The whole of Yellowstone National Park is basically the gigantic caldera of a super-volcano, the kind that can mess up the whole world’s climate when it blows. The Yellowstone one is pretty regular about how often it does blow, too, and at the moment it’s about 6,000 years overdue for its next ka-boom. One of the postulates — the “big lies” that an author is permitted to tell to set up his story — in my latest novel, All the Lives He Led is that sometime before the story gets going Yellowstone did blow sky-high, covering much of the country with volcanic ash and dust and thus converting the U.S.A. from the richest country in the world to something with approximately the Gross National Product of Liechtenstein.
This means our hero can’t make a decent living in America. Therefore he goes to Italy, where he gets a job in the theme park the Italians have made out of the 2,000-year-old ruins of Pompeii.
Why am I telling you all this? Well, as it happens, during World War II I was stationed in Italy for a time with the U. S. Army Air Force, first with a B24 group on the Adriatic side of the peninsula, then with AAF/MTO (translation: Army Air Force, Mediterranean Theater of Operations headquarters) in Caserta, near Naples. What I am getting at, in my perhaps unfortunately highly discursive way, is that for a long time I have been interested in (a) supervolcanos like Yellowstone and (b) the region of the Italian coast around Naples.
And I have — alarmingly — recently discovered that those two areas of interest have become one.
You see, the whole territory around Naples is what the old Romans called the Campi Flegrei (meaning “the burning fields”), and Lake Avernus was described by Virgil, in his Aeneid, as the entrance to Hell. Modern observers have not confirmed that identification, but what they have established is that the lake is actually the water-filled crater of a dormant, but not necessarily dead, volcano.
Like Yellowstone, the area is marked by fumaroles (vents of steam), pots of boiling mud and, most disconcertingly, irregular raising and lowering of ground level in some places by as much as eleven feet, which has not been good for some of the constructions on those sites; a hospital and many, many homes have been destroyed. There is a big difference between the Yellowstone caldera and the one for the Phlegrean Fields, though. Most of the Phlegrean territory is underwater, stretching from the famous Isle of Capri to the less celebrated island of Ischia and including much of my dear unkempt city of Naples. (Another difference is population. In winter, at least, Yellowstone is inhabited largely by bears, while the Phlegrean Fields area is home to four million human beings,)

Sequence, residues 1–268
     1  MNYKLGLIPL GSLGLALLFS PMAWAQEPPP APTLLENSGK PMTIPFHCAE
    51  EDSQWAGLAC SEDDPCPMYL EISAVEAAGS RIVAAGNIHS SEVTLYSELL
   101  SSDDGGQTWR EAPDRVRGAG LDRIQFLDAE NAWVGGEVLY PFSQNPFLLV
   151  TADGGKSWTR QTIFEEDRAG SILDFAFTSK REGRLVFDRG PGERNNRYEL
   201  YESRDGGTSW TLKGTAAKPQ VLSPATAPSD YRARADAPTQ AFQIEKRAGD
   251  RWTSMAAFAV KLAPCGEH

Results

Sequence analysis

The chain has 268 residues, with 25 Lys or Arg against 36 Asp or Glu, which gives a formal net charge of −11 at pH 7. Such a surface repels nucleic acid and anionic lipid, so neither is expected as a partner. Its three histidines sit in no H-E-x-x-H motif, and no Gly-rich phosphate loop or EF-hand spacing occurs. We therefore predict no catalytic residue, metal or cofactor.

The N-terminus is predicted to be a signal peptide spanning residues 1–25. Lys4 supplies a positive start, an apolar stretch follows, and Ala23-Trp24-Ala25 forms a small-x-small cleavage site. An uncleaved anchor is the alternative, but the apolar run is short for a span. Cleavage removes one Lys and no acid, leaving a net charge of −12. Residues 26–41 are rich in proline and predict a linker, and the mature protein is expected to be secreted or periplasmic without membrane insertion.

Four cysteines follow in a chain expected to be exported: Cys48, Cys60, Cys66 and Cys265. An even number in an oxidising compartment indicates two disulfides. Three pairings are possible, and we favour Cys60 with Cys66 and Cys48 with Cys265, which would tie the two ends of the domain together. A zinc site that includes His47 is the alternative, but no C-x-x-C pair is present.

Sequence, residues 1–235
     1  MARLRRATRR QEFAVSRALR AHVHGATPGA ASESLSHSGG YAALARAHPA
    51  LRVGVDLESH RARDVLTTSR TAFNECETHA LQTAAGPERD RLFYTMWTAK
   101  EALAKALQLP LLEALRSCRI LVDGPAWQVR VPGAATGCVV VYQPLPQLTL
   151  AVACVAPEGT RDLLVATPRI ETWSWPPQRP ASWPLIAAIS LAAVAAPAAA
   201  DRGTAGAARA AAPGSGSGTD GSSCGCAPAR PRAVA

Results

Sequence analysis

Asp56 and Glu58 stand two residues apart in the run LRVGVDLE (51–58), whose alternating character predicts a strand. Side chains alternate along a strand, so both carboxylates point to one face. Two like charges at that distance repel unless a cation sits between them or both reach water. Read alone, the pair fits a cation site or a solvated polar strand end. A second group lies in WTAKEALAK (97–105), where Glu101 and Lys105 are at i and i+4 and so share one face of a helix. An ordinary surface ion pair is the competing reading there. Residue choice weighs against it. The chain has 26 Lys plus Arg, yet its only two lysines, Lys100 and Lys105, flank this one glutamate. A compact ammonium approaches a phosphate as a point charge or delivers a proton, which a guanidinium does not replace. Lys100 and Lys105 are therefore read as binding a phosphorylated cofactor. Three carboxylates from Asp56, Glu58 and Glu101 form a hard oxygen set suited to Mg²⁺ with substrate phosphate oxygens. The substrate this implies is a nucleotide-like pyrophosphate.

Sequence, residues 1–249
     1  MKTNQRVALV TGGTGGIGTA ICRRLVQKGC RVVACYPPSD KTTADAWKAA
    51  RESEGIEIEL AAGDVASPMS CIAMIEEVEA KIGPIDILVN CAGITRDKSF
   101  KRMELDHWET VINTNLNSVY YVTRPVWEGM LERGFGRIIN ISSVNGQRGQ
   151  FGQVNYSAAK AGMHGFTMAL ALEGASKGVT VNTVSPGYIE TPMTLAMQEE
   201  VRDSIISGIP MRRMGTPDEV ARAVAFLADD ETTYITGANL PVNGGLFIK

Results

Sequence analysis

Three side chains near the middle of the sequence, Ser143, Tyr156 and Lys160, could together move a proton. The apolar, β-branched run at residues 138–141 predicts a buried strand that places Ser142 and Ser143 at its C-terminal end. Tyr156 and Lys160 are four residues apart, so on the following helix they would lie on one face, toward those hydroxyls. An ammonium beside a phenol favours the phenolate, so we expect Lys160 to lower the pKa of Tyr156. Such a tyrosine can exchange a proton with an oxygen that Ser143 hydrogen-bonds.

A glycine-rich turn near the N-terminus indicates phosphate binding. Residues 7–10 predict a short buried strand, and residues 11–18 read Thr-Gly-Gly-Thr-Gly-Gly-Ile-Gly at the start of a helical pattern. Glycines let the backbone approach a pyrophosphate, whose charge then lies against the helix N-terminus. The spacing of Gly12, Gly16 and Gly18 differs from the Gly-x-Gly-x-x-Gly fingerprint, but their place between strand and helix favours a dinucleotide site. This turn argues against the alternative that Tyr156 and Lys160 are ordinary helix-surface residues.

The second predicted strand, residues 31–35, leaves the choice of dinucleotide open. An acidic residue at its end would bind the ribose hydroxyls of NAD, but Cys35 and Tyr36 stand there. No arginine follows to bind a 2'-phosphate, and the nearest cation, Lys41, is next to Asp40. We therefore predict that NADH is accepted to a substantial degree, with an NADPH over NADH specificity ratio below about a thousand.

So how dangerous is the situation? Well, no one exactly knows. It would take quite a lot of drilling down into the worrisome ground to get the evidence to predict just what is going to happen there.
That drilling seemed about to start a while ago, because Giuseppe De Natale, the search director for Italy’s National Observatory for Geophysics and Volcanology, was prepared to get it started with a $14 million course of drilling. That didn’t happen, though Critics reminded Naples Mayor Rosa Russo Iervolino of what happened in Indonesia in 2006 when a mud volcano erupted after similar drilling was done, killing a few people and rendering tens of thousands homeless. Mayor Iervolino took no chances. She stopped all drilling until somebody could prove to her that it was safe.
(By the way, people who have been to Naples and seen Mt. Vesuvius puffing its ominous little trail of steam on the horizon may wonder what part this other volcano plays in the Phlegrean Fields scenario. The answer is none at all. Vesuvius, which destroyed three little cities in one 48-hour rampage back in 79 A.D., is just too trivial to worry about when considering the threat posed by the Phlegrean Fields.)